'The View' reacts to controversy around Pete Buttigieg's 2011 comments about minority students

"The View" discussed the presidential hopeful's 2011 comments.

“The View” weighed in on controversial comments made by Democratic presidential candidate Pete Buttigieg eight years ago about minority and low-income students on Wednesday after they resurfaced in a video and were the subject of an article on the website “The Root” earlier this week.

“Kids need to see evidence that education is going to work for them,” Buttigieg said in a roundtable interview during what ultimately became a successful run for South Bend, Indiana, mayor in 2011.

“You’re motivated because you believe that at the end of your education, there is a reward. There’s a stable life. There’s a job,” Buttigieg said. “There are a lot of kids, especially [in] the lower-income minority neighborhoods, who literally just haven’t seen it work. There isn’t someone who they know personally who testifies to the value of education.”

Writer Michael Harriot wrote a scathing piece for “The Root” in response to the resurfaced clip, saying that the presidential hopeful was “lying.” (Note: Harriot's article includes language that may be considered offensive.)

“This is not a misunderstanding. This is not a misstatement. Pete Buttigieg went to the best educational institutions America has to offer and he —more than anyone on the…planet — knows that everything he just said is a bald-faced lie,” Harriot wrote.

“What I said in that comment before I became mayor does not reflect the totality of my understanding then, and certainly now, about the obstacles that students of color face in our system today,” Buttigieg said at a campaign event in Iowa Tuesday.

Joy Behar said on Wednesday that the presidential hopeful “needs to get a little more woke.”

“Systemic racism is with you whether you have a role model or not. So when Obama was president, there was the greatest role model…in my opinion, and still, systemic racism continued,” Behar said, mentioning “redlining” as an example.

“There was redlining going on, which means that only white people can move to a certain neighborhood… That means the schools are not equal because you’re not in the right neighborhoods. The books are not the same, the teachers.”

Sunny Hostin said Buttigieg’s past comment highlighted a “blind spot” that he continues to have.

“It’s a blind spot he had as mayor of South Bend and it’s a blind spot the community of South Bend, the African American community, has raised with him repeatedly… He continues to have it,” she said. “He should’ve known better then. If you look at the statistics, black women are actually the most educated in the country. Yet they still make less money than their white counterparts… This suggestion somehow that black children don’t have that role model is just factually incorrect.”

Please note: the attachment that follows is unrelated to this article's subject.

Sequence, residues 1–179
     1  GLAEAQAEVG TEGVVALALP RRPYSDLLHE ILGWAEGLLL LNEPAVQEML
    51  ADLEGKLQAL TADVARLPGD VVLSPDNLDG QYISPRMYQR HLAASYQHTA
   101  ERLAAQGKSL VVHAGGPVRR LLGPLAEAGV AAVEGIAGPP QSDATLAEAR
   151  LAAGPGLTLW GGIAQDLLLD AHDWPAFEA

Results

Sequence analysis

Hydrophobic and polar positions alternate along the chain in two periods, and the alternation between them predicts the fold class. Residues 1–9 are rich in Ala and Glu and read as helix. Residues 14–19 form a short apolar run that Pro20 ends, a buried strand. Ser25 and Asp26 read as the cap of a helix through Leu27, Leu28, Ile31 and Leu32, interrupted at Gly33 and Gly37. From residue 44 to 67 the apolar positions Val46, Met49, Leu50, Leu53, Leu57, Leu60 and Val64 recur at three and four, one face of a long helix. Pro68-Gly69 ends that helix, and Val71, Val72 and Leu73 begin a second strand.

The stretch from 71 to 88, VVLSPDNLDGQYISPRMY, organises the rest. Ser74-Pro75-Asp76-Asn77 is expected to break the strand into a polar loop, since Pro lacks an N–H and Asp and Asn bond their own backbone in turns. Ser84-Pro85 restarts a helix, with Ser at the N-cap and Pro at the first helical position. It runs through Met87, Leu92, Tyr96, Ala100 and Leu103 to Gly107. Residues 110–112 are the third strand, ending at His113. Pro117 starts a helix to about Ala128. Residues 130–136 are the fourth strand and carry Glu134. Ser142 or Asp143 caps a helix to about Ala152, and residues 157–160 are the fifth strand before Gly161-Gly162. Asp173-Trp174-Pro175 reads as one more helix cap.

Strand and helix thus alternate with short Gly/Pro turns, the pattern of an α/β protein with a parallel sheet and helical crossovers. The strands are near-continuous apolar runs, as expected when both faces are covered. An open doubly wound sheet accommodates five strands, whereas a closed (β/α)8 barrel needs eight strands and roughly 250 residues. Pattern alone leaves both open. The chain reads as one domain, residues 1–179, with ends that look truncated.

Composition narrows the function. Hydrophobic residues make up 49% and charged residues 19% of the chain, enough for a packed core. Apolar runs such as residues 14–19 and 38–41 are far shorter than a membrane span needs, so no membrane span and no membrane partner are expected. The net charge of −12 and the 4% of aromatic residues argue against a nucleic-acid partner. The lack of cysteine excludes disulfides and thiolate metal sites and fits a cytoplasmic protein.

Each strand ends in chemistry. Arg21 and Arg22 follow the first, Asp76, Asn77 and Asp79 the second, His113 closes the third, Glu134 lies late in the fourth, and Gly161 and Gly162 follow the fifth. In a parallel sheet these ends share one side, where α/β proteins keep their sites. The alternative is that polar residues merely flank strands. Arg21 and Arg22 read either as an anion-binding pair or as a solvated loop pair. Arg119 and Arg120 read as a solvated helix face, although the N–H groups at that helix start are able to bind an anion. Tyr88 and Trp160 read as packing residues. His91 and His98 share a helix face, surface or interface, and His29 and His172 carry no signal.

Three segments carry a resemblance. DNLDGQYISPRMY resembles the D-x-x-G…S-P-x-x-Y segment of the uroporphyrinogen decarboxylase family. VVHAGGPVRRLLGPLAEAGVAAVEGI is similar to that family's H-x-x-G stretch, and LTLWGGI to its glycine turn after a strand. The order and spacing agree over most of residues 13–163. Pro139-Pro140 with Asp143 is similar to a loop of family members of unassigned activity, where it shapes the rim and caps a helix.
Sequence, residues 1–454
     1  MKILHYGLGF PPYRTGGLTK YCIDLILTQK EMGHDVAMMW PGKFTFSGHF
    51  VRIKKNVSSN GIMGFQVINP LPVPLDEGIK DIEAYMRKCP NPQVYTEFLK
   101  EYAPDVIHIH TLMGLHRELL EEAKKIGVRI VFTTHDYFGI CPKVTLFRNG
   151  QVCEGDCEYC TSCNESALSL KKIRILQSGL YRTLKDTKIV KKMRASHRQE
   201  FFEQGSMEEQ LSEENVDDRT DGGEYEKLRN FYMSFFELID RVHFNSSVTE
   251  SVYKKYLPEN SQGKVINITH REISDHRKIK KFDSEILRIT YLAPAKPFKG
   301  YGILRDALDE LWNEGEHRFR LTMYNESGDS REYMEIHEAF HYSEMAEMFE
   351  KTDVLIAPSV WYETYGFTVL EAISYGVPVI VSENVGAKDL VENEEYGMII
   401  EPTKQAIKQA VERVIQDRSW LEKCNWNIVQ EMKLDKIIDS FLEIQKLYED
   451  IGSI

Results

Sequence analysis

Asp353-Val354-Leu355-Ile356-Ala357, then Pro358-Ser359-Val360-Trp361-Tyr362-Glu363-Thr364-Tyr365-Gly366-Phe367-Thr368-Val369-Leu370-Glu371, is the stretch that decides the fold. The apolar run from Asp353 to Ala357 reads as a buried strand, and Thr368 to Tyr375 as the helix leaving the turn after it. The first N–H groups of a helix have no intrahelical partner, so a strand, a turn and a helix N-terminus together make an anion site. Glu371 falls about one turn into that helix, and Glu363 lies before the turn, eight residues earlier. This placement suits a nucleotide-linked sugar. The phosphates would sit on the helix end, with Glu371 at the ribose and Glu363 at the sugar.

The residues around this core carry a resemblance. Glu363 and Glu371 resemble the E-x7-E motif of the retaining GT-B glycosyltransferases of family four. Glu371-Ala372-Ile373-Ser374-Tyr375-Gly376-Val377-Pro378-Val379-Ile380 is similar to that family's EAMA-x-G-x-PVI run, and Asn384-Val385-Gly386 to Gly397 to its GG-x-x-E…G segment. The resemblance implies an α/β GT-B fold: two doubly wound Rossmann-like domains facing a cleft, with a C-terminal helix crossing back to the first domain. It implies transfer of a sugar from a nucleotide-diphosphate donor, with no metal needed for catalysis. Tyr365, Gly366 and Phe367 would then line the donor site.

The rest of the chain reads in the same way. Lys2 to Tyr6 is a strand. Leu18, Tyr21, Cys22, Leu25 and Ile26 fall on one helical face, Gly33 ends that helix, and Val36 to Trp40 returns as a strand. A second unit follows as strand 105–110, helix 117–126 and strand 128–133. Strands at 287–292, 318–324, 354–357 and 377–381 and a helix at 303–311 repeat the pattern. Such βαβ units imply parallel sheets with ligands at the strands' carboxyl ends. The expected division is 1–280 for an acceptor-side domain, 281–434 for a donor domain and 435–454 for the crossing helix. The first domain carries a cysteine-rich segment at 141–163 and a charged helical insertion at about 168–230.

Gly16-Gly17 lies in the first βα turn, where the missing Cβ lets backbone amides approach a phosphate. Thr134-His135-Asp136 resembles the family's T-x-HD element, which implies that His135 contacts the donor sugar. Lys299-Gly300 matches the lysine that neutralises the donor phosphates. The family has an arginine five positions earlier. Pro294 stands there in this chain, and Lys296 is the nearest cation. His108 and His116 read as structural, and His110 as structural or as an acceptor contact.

“It’s also insulting!” Whoopi Goldberg added. “It’s always kind of interesting to hear a set of folks sitting around a table talking about a problem they don’t understand.”

On Tuesday, Harriot wrote a second article, saying the South Bend mayor called him in response to the initial article.

“Pete Buttigieg didn’t want to tell me his side of the story. He didn’t excuse himself by explaining that the comments referenced by the article were made years ago. He didn’t even try to explain his plan for black America,” Harriot said. “Mostly, he just wanted to listen.”

Abby Huntsman said she was struck by Buttigieg’s call to Harriot.

“I took a step back and realized how often we are — I know I am at times — naïve because we don’t understand situations… We need to do a better job of that listening, especially when you’re running for office, in this situation,” Huntsman said.

Last week, a Quinnipiac poll showed Buttigieg polling at 0% among black likely-Democratic primary voters in South Carolina. A national Quinnipiac poll released Tuesday showed Buttigieg with 4% support among black Democratic and Democratic-leaning registered voters.

“Is the Democratic party going to roll the dice on somebody who gets 0% from black voters?” Meghan McCain asked.

“Trust me, where there’s smoke, there’s fire. There’s a lot more of this stuff coming on him the higher he’s rising in the polls. The point is you have to listen to the very fair criticism of your relationship with the black community that you are hemorrhaging voters right now,” she said. “He has a serious problem that is not going away.”